Burn said Sinestro wants respect from his daughter, Soranik. "I think she's just as proud as Sinestro in, just in a slightly different way. Now that she has a yellow ring, Sinestro's going to use it as kind of a teaching opportunity. She grew up thinking the Sinestro Corps was vile and evil. He's trying to show her that's not necessarily the case."
Turning back to "Green Lantern: The Lost Army," Bunn spoke on his choices for the cast, including Guy Gardner, a personal favorite of the writer. "I wanted a diverse group that would interact with each other in some interesting ways, especially in this weird situation," Bunn said. "One of the things I liked about Guy was his dynamic with John Stewart." Bunn said Guy Gardner is set to become a "voice of dissent" against John Stewart.
Venditti discussed more of the challenges that Hal Jordan is currently facing in "Green Lantern." "He has to, in the midst of everything else, learn how to control that gauntlet better," Venditti said. "There are pluses and minuses to it. It's so much more powerful than a ring, but it definitely comes with its downsides, as well."
On the recent reappearance of Black Hand, Venditti said he's a "really fun character to write, because he's completely insane, and horrifying and terrifying, but he's also sympathetic in a way. He just want some friends, hew wants to fit in."
When asked by panel moderator Joshua Yehl of IGN what the best part of working in DC's cosmic or sci-fi books are, Venditti answered, "It's just such a great sandbox to be able to play in," not just being able to write existing concepts, but also the opportunity to introduce new ones."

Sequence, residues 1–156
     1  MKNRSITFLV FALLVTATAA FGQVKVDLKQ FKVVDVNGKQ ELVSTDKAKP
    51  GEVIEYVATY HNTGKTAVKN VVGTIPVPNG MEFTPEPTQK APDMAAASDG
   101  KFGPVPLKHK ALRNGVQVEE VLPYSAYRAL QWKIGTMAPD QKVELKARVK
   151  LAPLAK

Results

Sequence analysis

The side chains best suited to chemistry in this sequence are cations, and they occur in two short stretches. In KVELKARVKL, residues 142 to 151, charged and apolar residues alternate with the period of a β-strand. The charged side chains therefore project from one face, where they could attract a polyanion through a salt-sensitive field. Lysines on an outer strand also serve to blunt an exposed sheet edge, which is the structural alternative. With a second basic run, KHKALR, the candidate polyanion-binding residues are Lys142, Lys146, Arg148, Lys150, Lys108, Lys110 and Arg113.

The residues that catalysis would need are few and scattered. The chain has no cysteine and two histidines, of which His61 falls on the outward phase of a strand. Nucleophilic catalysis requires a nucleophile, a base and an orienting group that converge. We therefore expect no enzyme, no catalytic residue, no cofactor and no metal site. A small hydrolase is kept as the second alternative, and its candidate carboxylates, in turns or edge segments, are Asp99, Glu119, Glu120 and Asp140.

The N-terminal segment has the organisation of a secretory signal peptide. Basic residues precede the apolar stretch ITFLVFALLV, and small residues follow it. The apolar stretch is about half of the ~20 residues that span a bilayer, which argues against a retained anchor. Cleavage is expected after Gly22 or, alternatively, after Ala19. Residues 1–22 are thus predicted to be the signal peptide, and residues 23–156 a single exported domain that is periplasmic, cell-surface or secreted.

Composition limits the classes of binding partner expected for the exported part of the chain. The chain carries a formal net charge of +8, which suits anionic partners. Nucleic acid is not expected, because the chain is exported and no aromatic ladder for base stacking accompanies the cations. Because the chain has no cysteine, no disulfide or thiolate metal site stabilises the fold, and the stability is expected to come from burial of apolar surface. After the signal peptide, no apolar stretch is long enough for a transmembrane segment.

"It's more of an open book," Jurgens replied. "As an artist, a lot of it is design work," Change added. "Design work is immensely fun. With 'Batman Beyond,' it's 35 years in the future. We're not going to be able to have buildings floating in cloud cities. There's an amount of research, dedication; with respect to what happened in the original 'Batman Beyond' universe and a look forward to what could happen."
Contrasting his time at Marvel on "Guardians of the Galaxy" to his current cosmic work at DC, Walker said he doesn't think the cosmic style at the latter publisher has been as "specifically established" by specific artists. "It feels like there's more freedom to go balls to the wall," Walker said.
First fan question asked about Carol Ferris' status in "Green Lantern." "She will be present," Venditti answered.
Will more "Batman Beyond" villains from the animated series appear in the comic? Jurgens said that along with Inque, they're planning on using Spellbinder and Shirek.
Tom King joined the panel towards the end of the session, saying the panel wasn't on his schedule, and he raced from the hotel after reading this report on CBR.
"It's a brutal space opera, an odyssey, an epic," King said of "Omega Men." "It's my dedication to '80s comics like 'Watchmen' and 'Dark Knight.' It's your old cliche -- it's rebels versus the empire. Except they're not normal rebels, they'll do anything to defeat the empire. It's my favorite thing I've ever written. It's wonderful."
Speaking of Kyle Rayner's much buzzed about role in "Omega Men," King said now that he's no longer a Lantern, he's going to learn what being part of the Omega Men means.
For the last fan question, an audience member asked if Geoff Johns still had any role in DC's cosmic titles. "I think he's sort of an inspiration for all of us," King said, pointing to Johns' ability to take seemingly minor elements and "explode" them in major ways.